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  • Writer's pictureMartin Cheney



Despite some genuinely decent songs by Cinco Paul and some fleeting moments of good-hearted fun, Schmigadoon! commits one of the most heinous TV sins - an almost criminal waste of its brilliant cast. There is nothing quite so frustrating as watching something with huge potential squander almost every opportunity to be brilliant. All signs initially pointed to an interesting riff on a concept that would both satisfy music theatre aficionados and win over some newbies, but I can't imagine there's anything in Schmigadoon! that's going to placate those who would have said musicals weren't their favourite choice of entertainment. If anything, this tonally mismatched and increasingly underwhelming snooze-ical is only going to cause them to dig the heels of their character shoes in further. It's not terrible. It's not even bad. It's

The six-episode series starts well enough. Melissa (SNL's Cecily Strong) and Josh (Keegan-Michael Key) attempt to save their failing relationship by going on a kind of couples' retreat in the woods. Crossing over a mysterious bridge, they find themselves in Schmigadoon, a magical town where everything is stuck in a Golden Age musical. They learn that they will both need to find true love before they can cross the bridge back to reality, even if it's not with each other. Each episode opens with a flashback, but these really seem to serve more to explain a reference in the upcoming episode than to give any meaningful context. The opening to the final episode is particularly egregious, as perceptive viewers will note it largely steps on its impact altogether.

A lampooning of its source material (Lerner and Loewe's classic Brigadoon), Schmigadoon! is at its best when it leans into its good-natured mocking of the Golden Age musical. Very few are safe, with Oklahoma, Carousel, Annie Get Your Gun, The Music Man, South Pacific, The Sound of Music and many others receiving a decent ribbing. The majority of composer Cinco Paul's songs strike a fair balance between knowingly nodding to their inspiration, while being compositionally sound enough to exist on their own. One of the most effective ensemble numbers, 'Corn Puddin',' occurs soon after Melissa and Josh's arrival. A loving wink to songs like Carousel's 'A Real Nice Clambake,' and its ilk, it showcases a great example of how the cast in a well-written musical can suddenly burst into song and dance about something that has absolutely no relevance to the plot whatsoever, but still somehow feels wholly necessary. It's a shame the remainder of the series seemed more concerned with poking fun at the genre than it did telling an engaging story. After the confident and sure-footed first couple of episodes, Schmigadoon! takes a sharp turn into a forced cautionary tale with eye-rolling moral proselytising and a bafflingly fumbled finale. Even some of the jokes outstay their welcome; Josh being surprised at music spontaneously erupting around him is only funny the first 3-4 times.

To their credit, Cecily Strong and Keegan-Michael Key carry most of the show on their shoulders and do a fine job. Strong is by far the strongest (LOL) performer amidst the all-star line-up; I very much look forward to seeing more from her in the future, because she does the lion's share of the comedic and dramatic heavy-lifting here. If you're expecting to see much from the other Broadway veterans that likely drew you to the show in the first place, though, prepare to be disappointed. Kristin Chenoweth plays the woefully intermittent villain and mayoral candidate who will not sing at you until the fifth episode, and the song she sings at you will be a jumbled pseudo-patter gospel-esque misfired homage to 'Ya Got Trouble' from The Music Man. The fact that the brilliant Chenoweth was not given more to do in this show is completely inexplicable. Alan Cumming, Fred Armisen and Aaron Tveit? Yes, they appear sometimes too, but infrequently enough for you to forget they were in it until they show up again, reminding you each time that they could have been in it more. And heaven forbid you expect to ever see the great Jane Krakowski, whose name appears in lights during the opening credits of every episode. Blink and you'll miss her. Shameful.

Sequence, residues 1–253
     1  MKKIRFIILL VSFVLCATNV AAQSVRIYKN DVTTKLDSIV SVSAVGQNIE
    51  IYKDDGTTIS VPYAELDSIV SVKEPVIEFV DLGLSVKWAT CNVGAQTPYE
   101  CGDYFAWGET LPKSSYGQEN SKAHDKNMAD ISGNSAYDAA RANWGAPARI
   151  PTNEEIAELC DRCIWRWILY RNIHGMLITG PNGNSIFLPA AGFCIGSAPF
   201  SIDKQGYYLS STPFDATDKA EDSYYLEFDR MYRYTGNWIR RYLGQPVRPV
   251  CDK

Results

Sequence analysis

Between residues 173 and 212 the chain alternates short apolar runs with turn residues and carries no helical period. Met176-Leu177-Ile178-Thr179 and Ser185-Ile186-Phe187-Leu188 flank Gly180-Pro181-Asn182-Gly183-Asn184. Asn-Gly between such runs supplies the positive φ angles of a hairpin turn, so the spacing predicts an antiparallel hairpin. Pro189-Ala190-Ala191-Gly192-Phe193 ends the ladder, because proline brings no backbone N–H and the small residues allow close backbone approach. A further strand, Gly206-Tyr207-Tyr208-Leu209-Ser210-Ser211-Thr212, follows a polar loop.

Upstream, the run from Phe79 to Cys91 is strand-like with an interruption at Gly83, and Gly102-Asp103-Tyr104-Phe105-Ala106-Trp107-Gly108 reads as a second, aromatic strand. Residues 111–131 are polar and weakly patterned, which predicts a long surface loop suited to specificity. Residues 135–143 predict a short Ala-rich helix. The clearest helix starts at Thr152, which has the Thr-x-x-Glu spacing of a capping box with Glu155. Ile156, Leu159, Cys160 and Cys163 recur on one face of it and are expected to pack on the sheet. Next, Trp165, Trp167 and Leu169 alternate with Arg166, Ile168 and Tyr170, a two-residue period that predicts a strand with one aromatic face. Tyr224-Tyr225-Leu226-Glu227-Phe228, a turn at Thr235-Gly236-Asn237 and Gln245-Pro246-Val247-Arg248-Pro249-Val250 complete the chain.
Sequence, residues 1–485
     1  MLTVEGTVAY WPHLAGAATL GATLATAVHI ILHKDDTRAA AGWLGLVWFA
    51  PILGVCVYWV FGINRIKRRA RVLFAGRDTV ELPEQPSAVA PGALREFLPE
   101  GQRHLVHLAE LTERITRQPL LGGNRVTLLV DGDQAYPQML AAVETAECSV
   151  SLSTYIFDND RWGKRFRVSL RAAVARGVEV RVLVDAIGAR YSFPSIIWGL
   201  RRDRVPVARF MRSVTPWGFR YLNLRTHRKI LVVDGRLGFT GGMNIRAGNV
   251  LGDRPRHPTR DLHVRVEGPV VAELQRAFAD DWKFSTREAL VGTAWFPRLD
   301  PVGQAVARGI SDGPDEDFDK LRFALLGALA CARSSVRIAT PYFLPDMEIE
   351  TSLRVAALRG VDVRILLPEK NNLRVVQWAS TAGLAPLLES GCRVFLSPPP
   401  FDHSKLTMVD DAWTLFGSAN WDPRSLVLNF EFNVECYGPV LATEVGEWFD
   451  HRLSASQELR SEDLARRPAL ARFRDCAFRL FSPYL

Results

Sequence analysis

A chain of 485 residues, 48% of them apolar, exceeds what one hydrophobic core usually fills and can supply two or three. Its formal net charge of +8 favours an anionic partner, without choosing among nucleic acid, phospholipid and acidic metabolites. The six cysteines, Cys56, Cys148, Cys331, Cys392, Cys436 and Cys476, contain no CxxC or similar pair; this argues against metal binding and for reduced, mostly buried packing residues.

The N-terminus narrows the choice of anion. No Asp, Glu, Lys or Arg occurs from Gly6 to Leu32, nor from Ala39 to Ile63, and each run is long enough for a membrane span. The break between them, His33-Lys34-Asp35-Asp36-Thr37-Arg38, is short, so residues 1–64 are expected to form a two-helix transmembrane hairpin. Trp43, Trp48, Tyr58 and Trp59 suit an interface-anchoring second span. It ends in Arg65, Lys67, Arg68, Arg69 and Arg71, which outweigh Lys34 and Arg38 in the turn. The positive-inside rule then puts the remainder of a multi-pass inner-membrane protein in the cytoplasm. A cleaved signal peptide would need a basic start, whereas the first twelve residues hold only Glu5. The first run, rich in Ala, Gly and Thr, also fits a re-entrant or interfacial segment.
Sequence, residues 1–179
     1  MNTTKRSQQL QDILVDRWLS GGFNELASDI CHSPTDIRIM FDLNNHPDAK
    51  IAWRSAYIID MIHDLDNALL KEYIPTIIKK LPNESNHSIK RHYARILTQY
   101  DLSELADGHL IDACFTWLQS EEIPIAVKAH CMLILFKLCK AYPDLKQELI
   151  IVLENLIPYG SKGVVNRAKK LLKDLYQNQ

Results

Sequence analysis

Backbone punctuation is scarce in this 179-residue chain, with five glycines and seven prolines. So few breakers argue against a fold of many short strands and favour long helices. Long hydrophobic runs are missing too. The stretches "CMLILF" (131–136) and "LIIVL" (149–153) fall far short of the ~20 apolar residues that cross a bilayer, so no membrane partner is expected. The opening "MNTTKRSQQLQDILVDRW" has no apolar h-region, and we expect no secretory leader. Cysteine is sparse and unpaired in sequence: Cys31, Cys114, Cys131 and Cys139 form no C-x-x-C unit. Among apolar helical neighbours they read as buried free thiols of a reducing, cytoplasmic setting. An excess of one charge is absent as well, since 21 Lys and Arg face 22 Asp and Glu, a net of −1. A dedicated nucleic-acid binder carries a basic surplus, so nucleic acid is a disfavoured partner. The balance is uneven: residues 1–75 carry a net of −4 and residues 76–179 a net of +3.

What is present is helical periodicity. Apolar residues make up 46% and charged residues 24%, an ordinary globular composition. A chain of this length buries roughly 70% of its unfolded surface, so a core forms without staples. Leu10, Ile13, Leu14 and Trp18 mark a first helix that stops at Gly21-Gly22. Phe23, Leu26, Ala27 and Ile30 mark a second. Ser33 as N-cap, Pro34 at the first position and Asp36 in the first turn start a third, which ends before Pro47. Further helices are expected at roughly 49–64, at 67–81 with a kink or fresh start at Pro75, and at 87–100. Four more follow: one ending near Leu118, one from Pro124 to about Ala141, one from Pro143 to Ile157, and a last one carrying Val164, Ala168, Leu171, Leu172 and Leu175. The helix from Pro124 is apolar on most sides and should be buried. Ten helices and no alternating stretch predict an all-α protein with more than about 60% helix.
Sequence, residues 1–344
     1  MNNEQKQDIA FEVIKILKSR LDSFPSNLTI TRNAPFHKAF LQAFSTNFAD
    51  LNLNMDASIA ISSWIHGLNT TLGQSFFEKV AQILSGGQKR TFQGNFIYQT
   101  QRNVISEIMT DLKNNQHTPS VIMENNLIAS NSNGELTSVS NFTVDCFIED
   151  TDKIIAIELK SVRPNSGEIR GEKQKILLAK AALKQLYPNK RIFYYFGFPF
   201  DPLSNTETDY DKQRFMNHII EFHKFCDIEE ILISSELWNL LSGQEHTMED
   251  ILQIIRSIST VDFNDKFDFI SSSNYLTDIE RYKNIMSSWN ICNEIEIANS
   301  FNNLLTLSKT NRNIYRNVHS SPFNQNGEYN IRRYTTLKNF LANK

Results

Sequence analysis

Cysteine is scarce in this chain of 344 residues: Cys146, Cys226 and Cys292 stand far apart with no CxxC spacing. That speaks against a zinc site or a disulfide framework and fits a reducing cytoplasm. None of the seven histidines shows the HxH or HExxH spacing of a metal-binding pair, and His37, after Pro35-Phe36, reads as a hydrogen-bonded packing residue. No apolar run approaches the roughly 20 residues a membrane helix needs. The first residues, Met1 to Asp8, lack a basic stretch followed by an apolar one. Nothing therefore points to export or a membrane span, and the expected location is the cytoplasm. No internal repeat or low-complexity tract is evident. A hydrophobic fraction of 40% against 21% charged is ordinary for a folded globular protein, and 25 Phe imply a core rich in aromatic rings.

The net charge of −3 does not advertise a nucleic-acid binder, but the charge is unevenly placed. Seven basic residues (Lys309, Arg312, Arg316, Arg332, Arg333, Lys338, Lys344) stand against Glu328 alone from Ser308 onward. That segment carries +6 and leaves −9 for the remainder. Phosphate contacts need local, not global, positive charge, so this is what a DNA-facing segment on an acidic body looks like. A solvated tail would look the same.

Perhaps Schmigadoon! promised more than it could deliver in its six-episode format. If its intent was to more fully explore the changing dynamic of Melissa and Josh's relationship within the nauseating and cloying backdrop of a Golden Age show on crack, I would have been quite willing to go the distance of a longer season. You can literally hear the wasted potential in the final song, which all of a sudden sounds like a rewrite of Stephen Sondheim's 'Sunday.' What could have been a beautiful, natural evolution after a season of growth is so jarring because it feels deeply unearned. Schmigadoon! simply doesn't seem to know when to make fun of itself and when to use the dramatic advantage provided by the heightened sense of reality and ability to suspend disbelief. The result is a sporadically entertaining but ultimately shallow and pointless exercise that will have you checking your phone before interval. Schmigadoon! wants to have its puddin' and eat it, too. The final moment hints at a possible second season, but I really don't see enough here to warrant a reprise.

PS: The flashback title cards are written with the Law & Order font. Why this is never referenced with a *dun dun* is totally beyond me.


Schmigadoon! is streaming now on Apple TV+.

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